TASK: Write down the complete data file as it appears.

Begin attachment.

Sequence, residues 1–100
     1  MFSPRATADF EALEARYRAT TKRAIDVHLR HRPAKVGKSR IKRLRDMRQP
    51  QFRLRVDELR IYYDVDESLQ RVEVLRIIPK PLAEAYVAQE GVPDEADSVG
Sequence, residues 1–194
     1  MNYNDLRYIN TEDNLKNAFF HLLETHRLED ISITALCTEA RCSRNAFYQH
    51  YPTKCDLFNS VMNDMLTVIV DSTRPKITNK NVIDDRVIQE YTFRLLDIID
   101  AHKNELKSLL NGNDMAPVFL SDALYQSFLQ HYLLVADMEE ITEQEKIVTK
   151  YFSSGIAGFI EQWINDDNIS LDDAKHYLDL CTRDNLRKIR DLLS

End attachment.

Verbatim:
Sequence, residues 1–100
     1  MFSPRATADF EALEARYRAT TKRAIDVHLR HRPAKVGKSR IKRLRDMRQP
    51  QFRLRVDELR IYYDVDESLQ RVEVLRIIPK PLAEAYVAQE GVPDEADSVG
Sequence, residues 1–194
     1  MNYNDLRYIN TEDNLKNAFF HLLETHRLED ISITALCTEA RCSRNAFYQH
    51  YPTKCDLFNS VMNDMLTVIV DSTRPKITNK NVIDDRVIQE YTFRLLDIID
   101  AHKNELKSLL NGNDMAPVFL SDALYQSFLQ HYLLVADMEE ITEQEKIVTK
   151  YFSSGIAGFI EQWINDDNIS LDDAKHYLDL CTRDNLRKIR DLLS